Planets and Moons  ID: 11374


To better understand how Earth evolved, scientists are pointing cameras toward impact craters on the moon. Impact craters are giant surface depressions that form in the aftermath of collisions by asteroids, meteoroids and comets. Exposure to wind, water and geologic activity slowly degrades impact craters found on Earth. But by knowing how a crater has changed over time, scientists can piece together clues of what conditions were like on the planet long ago. Now, NASA’s Lunar Reconnaissance Orbiter spacecraft is collecting images of impact craters on the moon’s surface. Unlike on Earth, these craters aren’t prone to weathering because the moon has practically no atmosphere. As a result, some have remained untouched since the day they were born. Scientists will use the images to determine how natural disasters and the climates of Earth’s past have shaped how its craters look today. Watch the video to learn more.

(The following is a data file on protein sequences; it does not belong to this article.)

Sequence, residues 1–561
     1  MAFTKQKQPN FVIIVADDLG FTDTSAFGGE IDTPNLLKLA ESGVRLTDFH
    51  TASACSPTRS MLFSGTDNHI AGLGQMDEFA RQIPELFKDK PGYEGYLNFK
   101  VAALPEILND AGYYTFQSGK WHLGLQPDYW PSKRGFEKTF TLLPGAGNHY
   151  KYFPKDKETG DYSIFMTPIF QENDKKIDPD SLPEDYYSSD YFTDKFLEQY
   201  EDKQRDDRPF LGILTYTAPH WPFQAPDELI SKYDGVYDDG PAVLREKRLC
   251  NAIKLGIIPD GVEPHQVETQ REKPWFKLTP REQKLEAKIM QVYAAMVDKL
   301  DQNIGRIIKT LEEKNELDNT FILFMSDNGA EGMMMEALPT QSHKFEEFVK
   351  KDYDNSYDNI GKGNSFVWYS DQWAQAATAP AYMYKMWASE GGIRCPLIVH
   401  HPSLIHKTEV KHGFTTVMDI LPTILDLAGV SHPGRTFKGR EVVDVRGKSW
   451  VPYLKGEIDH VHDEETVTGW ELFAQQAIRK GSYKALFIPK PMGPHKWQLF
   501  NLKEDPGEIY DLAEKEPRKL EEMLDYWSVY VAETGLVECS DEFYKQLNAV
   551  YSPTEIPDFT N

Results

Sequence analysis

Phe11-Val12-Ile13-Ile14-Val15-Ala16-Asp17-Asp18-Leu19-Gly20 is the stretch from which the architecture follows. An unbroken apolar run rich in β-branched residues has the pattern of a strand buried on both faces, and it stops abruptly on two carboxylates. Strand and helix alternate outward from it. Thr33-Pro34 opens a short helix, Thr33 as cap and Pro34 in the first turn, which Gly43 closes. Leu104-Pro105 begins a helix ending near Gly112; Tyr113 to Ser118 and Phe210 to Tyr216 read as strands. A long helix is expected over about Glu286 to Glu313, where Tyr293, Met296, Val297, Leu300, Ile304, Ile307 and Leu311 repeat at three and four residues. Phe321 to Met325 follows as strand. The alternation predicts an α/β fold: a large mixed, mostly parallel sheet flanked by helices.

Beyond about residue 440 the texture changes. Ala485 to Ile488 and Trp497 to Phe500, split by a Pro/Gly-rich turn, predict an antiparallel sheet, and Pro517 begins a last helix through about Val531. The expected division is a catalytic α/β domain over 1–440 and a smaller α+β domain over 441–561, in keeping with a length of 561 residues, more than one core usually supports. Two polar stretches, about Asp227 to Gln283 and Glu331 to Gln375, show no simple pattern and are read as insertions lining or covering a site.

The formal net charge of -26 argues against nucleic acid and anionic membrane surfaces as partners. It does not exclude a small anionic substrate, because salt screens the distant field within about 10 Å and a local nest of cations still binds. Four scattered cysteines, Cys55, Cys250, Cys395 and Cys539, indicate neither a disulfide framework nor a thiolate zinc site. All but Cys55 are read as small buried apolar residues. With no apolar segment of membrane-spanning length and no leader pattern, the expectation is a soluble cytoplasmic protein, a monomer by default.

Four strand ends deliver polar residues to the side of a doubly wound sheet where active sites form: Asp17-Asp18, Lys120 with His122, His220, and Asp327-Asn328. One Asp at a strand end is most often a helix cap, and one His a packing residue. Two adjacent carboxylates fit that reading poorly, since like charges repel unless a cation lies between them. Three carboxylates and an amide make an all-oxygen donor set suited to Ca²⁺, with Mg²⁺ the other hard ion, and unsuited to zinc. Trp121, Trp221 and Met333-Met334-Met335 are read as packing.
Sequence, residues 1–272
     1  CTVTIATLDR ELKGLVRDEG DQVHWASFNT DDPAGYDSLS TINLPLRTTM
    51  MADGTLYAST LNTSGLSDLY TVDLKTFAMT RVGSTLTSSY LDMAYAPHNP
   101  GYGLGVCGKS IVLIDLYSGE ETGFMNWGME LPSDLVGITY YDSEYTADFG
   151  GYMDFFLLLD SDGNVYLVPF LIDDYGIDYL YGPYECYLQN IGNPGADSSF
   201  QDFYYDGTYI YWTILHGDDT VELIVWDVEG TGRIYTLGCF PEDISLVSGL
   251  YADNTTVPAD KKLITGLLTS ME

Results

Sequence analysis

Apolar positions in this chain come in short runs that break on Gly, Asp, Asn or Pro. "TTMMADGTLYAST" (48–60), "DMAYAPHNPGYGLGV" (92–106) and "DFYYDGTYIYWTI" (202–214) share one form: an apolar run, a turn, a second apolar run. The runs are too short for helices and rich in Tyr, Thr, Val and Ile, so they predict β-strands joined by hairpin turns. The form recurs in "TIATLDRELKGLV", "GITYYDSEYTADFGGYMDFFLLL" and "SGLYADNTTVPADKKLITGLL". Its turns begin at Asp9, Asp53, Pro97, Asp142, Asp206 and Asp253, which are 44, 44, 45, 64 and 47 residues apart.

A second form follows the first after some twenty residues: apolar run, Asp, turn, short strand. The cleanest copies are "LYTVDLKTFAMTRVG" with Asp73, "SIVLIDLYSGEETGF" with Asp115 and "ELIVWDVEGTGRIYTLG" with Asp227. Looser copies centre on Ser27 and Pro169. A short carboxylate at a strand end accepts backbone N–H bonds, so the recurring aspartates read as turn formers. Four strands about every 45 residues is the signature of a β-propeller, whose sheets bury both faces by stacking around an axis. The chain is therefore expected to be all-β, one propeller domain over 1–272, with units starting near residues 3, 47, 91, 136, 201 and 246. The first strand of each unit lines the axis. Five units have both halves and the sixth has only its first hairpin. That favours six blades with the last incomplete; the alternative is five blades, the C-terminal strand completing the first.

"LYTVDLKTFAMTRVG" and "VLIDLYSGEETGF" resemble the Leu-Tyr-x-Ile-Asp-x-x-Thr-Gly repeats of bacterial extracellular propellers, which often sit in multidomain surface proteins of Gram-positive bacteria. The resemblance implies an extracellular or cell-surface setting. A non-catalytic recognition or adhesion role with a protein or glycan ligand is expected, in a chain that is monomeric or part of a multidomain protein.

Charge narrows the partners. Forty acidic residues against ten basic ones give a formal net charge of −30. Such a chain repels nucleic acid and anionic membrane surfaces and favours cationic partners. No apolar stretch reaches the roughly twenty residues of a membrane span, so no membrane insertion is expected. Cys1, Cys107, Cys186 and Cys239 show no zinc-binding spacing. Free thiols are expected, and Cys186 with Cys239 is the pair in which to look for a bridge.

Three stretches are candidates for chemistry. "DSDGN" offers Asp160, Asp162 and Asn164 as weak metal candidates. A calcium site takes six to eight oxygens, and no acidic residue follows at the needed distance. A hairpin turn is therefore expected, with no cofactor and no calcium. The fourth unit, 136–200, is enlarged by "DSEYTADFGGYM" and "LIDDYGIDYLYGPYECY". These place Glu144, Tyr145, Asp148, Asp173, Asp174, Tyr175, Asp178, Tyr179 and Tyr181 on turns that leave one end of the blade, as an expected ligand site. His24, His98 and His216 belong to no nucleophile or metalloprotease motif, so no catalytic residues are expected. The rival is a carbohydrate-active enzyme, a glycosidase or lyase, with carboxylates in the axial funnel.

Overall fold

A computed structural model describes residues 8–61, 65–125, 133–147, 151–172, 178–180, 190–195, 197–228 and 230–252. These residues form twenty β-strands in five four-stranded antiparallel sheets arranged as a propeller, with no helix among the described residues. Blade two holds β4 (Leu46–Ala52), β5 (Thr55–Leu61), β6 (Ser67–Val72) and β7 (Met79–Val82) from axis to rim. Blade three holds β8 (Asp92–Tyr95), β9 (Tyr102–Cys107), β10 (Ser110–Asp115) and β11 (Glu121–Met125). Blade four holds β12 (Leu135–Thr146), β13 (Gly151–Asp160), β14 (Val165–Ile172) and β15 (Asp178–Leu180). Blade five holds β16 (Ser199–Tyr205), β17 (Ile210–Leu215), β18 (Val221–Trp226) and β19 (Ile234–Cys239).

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Story Credits

Ernie Wright (USRA)
Chris Smith (HTSI)

Video Editor:
Chris Smith (HTSI)

Chris Smith (HTSI)

Chris Smith (HTSI)

Chris Smith (HTSI)

Lead Scientist:
James Garvin (NASA/HQ)

Lead Writer:
Kayvon Sharghi (USRA)

Please give credit for this item to:
NASA's Goddard Space Flight Center

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